Australian Court Lets Santos Build Barossa Pipeline

Source: Santos
Source: Santos

Australia's Santos can proceed with construction of an undersea pipeline vital to its $4.3 billion Barossa gas project after a court on Monday ruled in favor of the oil and gas firm in a dispute with an Indigenous man looking to pause the work.

Work on the pipeline, which will connect the Barossa gas field to a processing plant in the northern Australian city of Darwin, was paused by court order in November after a suit by a member of an Indigenous group regarded as traditional land owners from the nearby Tiwi Islands.

Simon Munkara sought to halt work and force Santos to do a fresh assessment of the pipeline's impact on underwater cultural heritage. The applicants argued, among other things, that the pipeline would disturb the travels of, and anger, two "ancestral beings" - a rainbow serpent known as Ampiji and Jirakupai, or the Crocodile man.

However, Justice Natalie Charlesworth on Monday dismissed Munkara's application and lifted the November court injunction, opening the door for Santos to commence work on the pipeline.

Charlesworth said there was "significant division" among Tiwi Islanders over traditional accounts of Ampiji and Jirakupai and only a "negligible chance that there may be objects of archaeological value in the area of the pipeline route."

Santos shares traded up as much as 3.7% following the decision and then slipped to A$7.72, or 2.3% higher at 14:08 (0308 GMT).

Santos welcomed the decision in a statement and said it would continue pipelaying activity for the project.

The Environmental Defenders Office, which represented Munkara, did not immediately respond to Reuters when asked if it would appeal the decision. Santos did not immediately respond to a request for comment.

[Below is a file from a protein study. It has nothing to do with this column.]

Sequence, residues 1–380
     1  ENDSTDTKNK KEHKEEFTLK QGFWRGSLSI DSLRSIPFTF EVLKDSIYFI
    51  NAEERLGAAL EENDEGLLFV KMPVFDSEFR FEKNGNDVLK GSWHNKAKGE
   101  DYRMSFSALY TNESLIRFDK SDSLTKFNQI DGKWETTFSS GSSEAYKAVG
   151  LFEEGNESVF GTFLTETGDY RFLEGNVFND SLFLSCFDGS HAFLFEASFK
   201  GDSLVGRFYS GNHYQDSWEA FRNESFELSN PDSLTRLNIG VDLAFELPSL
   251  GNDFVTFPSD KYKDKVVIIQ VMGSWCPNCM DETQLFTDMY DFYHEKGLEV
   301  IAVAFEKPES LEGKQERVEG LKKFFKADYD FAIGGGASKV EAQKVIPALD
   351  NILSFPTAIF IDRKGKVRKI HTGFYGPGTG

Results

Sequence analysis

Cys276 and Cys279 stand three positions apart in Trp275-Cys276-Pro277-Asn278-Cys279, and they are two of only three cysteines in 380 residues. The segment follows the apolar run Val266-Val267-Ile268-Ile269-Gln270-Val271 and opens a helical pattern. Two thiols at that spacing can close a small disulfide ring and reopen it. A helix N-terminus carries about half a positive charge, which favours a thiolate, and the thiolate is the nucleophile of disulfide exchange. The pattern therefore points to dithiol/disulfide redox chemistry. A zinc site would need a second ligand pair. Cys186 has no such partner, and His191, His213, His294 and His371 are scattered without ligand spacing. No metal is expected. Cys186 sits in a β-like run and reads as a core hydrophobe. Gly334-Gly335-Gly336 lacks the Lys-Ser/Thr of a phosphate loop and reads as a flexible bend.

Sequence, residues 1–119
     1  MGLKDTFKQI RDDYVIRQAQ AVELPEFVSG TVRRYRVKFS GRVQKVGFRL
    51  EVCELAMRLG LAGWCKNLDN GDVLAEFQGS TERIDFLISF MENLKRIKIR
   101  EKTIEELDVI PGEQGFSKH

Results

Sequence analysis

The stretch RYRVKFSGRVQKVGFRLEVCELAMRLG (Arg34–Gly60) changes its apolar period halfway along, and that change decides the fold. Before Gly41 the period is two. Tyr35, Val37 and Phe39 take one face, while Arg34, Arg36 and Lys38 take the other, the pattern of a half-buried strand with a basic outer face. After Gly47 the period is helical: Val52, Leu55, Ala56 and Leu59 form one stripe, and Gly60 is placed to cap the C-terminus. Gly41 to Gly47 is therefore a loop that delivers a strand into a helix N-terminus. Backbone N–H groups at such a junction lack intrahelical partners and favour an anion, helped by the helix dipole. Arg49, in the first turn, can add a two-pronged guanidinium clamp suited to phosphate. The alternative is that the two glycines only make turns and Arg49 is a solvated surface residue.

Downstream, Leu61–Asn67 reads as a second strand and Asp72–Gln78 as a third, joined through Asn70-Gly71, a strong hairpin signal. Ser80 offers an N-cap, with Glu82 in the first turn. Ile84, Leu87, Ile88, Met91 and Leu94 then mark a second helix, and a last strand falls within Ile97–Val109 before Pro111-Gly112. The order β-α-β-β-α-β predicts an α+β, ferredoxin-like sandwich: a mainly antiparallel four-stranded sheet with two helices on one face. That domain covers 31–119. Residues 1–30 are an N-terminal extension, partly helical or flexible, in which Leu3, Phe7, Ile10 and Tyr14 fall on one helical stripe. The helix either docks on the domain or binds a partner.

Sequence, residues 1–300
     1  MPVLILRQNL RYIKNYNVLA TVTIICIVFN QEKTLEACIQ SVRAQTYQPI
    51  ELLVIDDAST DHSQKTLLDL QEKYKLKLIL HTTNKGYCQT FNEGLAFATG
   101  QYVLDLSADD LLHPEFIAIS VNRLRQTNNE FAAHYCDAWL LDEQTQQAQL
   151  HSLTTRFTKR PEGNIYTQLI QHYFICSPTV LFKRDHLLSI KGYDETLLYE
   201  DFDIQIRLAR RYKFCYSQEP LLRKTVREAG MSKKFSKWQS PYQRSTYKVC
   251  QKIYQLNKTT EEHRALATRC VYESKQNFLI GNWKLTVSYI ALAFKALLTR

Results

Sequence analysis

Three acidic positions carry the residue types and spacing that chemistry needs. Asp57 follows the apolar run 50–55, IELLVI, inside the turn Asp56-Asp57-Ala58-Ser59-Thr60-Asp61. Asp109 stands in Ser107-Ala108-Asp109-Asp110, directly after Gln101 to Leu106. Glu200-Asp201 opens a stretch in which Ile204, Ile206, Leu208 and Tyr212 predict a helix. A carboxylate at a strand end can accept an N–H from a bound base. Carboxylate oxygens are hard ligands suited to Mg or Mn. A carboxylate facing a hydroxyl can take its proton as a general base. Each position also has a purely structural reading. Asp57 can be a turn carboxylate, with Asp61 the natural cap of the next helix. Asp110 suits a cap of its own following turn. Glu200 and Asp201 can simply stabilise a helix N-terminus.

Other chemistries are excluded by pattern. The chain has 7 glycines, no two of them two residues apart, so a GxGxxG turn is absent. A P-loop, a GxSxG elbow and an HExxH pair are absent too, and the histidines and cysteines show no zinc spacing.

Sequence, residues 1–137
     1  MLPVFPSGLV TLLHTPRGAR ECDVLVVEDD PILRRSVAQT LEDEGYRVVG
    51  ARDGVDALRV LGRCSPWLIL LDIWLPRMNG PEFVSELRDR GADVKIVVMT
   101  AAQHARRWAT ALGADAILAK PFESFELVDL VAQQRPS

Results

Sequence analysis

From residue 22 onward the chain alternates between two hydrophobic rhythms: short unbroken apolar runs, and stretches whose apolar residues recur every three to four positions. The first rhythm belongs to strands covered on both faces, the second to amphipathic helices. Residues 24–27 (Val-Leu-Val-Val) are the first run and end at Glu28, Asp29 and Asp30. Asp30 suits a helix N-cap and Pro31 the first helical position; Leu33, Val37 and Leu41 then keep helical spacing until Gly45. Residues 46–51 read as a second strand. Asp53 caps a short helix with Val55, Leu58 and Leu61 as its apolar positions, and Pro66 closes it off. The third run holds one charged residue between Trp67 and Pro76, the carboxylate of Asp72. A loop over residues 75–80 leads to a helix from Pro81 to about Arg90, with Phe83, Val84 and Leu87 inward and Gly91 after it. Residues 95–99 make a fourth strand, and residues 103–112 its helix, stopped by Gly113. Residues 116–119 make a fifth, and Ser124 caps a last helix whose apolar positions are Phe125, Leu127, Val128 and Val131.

The decision clears a major hurdle blocking the long-stalled project and boosts the company's fortunes at a time when shareholders are calling for a meaty premium in a potential merger with larger rival Woodside Energy.

Citi analysts had said a ruling against Santos could delay the vital growth project, where the company aims to start producing gas in the first half of 2025, by more than a year.

Woodside and Santos announced preliminary talks in December on an A$80 billion ($53.53 billion) tie-up, although the holiday break means a deal is unlikely before February.

The Barossa project, which is co-owned by South Korean energy company SK E&S and Japan's JERA, still needs several environmental plans approved to proceed. A revised drilling plan was approved by the petroleum regulator in December.

(Reuters - Reporting by Lewis Jackson in Sydney; Editing by Sonali Paul and Christopher Cushing)

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